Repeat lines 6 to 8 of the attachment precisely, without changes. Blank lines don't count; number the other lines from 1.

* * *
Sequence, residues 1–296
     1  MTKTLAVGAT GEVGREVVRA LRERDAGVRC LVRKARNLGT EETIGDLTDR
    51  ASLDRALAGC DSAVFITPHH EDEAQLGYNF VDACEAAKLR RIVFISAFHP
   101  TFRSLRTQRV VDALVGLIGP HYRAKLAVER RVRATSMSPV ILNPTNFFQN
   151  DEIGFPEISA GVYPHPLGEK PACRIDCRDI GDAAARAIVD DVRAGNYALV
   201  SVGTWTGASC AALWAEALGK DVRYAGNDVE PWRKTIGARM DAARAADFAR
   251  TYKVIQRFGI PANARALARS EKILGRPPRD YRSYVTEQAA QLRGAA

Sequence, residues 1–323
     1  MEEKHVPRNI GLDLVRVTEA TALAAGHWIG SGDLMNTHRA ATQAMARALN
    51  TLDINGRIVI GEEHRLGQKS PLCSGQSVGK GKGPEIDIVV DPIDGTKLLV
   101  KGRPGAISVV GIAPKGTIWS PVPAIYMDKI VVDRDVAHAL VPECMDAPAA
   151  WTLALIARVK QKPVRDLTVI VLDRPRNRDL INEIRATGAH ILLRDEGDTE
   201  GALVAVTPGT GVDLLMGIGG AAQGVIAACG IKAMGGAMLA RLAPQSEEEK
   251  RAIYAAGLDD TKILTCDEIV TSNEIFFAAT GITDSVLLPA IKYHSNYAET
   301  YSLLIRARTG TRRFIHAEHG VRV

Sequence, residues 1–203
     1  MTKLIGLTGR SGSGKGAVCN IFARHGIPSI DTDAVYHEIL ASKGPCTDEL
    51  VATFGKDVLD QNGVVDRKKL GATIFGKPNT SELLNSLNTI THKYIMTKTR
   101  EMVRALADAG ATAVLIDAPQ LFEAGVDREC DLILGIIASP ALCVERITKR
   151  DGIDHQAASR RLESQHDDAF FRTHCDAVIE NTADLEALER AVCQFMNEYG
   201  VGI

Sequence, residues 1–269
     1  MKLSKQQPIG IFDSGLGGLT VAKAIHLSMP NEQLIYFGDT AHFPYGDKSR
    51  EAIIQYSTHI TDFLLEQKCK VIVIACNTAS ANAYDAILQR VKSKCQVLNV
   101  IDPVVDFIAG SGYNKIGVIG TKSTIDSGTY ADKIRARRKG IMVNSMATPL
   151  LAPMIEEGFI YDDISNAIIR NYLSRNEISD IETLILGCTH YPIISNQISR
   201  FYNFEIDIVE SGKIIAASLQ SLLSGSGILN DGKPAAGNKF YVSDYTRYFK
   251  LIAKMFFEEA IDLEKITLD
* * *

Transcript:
   201  SVGTWTGASC AALWAEALGK DVRYAGNDVE PWRKTIGARM DAARAADFAR
   251  TYKVIQRFGI PANARALARS EKILGRPPRD YRSYVTEQAA QLRGAA

Sequence, residues 1–323